At Solihull’s full council meeting on Tuesday 1 March, members will debate whether to commit Solihull to joining the West Midlands Combined Authority (WMCA).
A survey into the proposed WMCA was requested by the Department of Communities and Local Government (DCLG). A report summarising the results has now been published and will inform the debate. The report can be viewed at https://westmidlandscombinedauthority.org.uk/about/documents/
Between 60% and 72% of people agreed or strongly agreed that:
• by working together local authorities in the West Midlands would deliver improvements in economic development, regeneration and transport
• better coordination of these areas would mean more effective and convenient local government and services
• the region’s Local Enterprise Partnerships (LEPs) would ensure businesses have a strong voice moving forward, and
• neighbouring local authorities should be invited to participate in the WMCA
Preparing for Council on 1 March, Councillor Bob Sleigh, Leader of Solihull Council, said:
“DCLG required us to undertake the survey and the responses received show there is general support for a combined authority.
“Some comments show there are still worries about Solihull being ‘taken over’ by other councils, becoming part of a ‘super council’ or being responsible for the debts or problems of other councils. Concerns were also expressed that Solihull joining a combined authority would mean losing what makes our borough such a special place to live.
“This is absolutely not the case.
“I can reassure people that if Solihull Council joins a WMCA it will still be the Solihull Council they know. We will continue to serve the local area in the same way as we always have. We will still be emptying bins, dealing with local planning applications and cleaning Solihull’s streets.
“The combined authority proposal is about working together with our neighbours on matters that cross council boundaries, for example roads, trains and buses. I am confident working closer together in a combined authority will allow us to deliver a better connected West Midlands and improved public transport services.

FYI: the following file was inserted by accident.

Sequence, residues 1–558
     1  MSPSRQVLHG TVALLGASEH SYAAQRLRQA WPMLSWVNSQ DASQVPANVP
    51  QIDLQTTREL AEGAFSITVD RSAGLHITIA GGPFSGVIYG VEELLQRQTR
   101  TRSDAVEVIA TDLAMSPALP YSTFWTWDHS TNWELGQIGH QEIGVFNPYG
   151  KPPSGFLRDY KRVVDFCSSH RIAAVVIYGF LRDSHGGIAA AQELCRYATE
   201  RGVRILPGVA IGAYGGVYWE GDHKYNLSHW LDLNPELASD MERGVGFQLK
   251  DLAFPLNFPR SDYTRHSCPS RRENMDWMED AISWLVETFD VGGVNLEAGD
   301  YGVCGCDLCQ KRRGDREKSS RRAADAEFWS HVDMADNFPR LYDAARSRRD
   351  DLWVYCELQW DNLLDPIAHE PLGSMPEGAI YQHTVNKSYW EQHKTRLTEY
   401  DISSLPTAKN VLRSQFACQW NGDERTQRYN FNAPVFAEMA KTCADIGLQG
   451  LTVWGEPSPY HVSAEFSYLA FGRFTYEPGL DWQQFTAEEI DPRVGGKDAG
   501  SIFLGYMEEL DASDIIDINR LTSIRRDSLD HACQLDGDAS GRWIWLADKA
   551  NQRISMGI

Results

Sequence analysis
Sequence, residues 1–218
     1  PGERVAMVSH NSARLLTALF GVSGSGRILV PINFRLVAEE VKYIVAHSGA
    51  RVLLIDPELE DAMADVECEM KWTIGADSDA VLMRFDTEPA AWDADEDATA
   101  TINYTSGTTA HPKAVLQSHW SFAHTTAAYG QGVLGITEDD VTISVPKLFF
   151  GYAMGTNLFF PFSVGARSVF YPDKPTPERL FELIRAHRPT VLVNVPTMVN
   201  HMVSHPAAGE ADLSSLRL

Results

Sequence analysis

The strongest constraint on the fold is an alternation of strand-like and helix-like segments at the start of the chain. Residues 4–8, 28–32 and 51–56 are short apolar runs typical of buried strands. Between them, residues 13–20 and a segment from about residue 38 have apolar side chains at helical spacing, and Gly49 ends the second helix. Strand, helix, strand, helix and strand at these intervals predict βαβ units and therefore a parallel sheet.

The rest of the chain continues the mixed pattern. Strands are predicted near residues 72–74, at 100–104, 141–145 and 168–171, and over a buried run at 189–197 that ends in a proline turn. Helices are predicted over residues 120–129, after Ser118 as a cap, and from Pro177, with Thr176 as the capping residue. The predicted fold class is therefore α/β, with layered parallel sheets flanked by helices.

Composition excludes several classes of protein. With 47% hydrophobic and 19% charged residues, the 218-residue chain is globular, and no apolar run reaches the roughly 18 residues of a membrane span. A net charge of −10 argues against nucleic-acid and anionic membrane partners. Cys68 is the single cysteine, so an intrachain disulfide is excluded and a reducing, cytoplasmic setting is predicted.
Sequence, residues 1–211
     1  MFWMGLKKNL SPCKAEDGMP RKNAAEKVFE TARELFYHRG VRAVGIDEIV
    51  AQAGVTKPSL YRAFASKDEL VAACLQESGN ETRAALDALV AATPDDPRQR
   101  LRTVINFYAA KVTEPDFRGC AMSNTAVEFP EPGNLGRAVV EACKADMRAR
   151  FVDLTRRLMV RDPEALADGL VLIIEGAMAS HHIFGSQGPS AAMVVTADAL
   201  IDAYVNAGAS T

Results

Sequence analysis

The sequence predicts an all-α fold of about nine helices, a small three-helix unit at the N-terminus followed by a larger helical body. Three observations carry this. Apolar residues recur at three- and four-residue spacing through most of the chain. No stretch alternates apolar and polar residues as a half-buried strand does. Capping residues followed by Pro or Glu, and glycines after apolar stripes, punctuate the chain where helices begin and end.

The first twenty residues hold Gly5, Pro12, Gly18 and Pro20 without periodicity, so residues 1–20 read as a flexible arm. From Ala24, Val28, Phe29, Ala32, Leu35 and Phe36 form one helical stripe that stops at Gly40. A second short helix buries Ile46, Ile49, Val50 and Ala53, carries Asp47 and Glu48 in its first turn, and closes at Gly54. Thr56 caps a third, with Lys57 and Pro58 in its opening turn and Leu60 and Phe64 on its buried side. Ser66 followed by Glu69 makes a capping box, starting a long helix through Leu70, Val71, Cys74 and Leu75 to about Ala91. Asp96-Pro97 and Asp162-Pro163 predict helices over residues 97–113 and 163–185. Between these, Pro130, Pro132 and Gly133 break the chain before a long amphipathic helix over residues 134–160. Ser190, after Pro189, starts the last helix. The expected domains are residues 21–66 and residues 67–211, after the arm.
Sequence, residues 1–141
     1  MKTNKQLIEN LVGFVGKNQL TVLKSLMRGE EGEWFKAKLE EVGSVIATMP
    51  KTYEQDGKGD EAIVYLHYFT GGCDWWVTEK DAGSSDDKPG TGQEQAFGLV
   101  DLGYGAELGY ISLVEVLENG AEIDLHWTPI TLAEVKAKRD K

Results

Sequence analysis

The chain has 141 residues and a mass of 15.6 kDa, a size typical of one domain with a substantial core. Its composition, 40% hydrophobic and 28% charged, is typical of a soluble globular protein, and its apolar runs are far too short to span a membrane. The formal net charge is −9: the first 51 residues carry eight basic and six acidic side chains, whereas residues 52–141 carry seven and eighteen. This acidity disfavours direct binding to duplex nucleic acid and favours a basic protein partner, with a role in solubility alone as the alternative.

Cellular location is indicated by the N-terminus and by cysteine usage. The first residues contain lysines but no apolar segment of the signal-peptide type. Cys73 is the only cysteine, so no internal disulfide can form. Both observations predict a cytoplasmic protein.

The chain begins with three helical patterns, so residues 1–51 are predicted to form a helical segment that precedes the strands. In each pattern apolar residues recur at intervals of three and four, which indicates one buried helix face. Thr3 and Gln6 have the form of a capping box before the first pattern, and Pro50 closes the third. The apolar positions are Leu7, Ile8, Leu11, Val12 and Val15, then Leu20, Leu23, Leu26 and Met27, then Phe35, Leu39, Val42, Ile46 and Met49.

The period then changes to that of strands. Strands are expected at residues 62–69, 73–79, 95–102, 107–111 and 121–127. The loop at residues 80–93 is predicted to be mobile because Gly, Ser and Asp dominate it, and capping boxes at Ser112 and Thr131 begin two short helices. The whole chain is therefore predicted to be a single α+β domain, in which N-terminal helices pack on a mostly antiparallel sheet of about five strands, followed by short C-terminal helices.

“Initially I had to be convinced about the benefits of a combined authority for Solihull. However, having scrutinised the figures it is clear that it presents a huge opportunity for the borough. It will bring significant investment into Solihull projects, delivering these projects faster than if the borough went it alone.
“I have talked directly, to local businesses, parish councils, voluntary and community sector, MPs, councillors, council employees and once I have explained what a combined authority means for Solihull, there has been overwhelming support for the proposals.
“If a combined authority is formed, we could benefit from £636 million of direct investment into Solihull over the next 30 years. We could see Junction 6 (M42) improvements, HS2 Interchange funding, alongside other transport investment.
“The WMCA would also unlock an overall £8 billion investment package for skills, infrastructure and businesses across the region. It will enable us to create a workforce and economy that will benefit our children and young people for years to come.
“I would not be doing this if it wasn’t right for Solihull. We have worked hard, and will continue in our endeavours, to ensure there is a clear benefit for Solihull being part of the proposed WMCA.
“I can reassure people that no one council will have more power than another. Each authority will be an equal player in the proposed WMCA. We will all have one vote.
“My aim is to make sure this collaboration works for Solihull, for our partners and the region as a whole.
“I look forward to discussing these matters at Council on 1 March, and promise that should we decide to join a WMCA, I will continue to be open and transparent, keeping residents, businesses and all our other partners informed of progress.”
The public consultation was carried out from 18 January to 8 February.
It was undertaken to help the Secretary of State for Communities and Local Government make a decision regarding the establishment of a Combined Authority in the West Midlands.
There were five key questions relating to the proposed Combined Authority’s role and functions and, specifically, about the Scheme document that was submitted to government in December.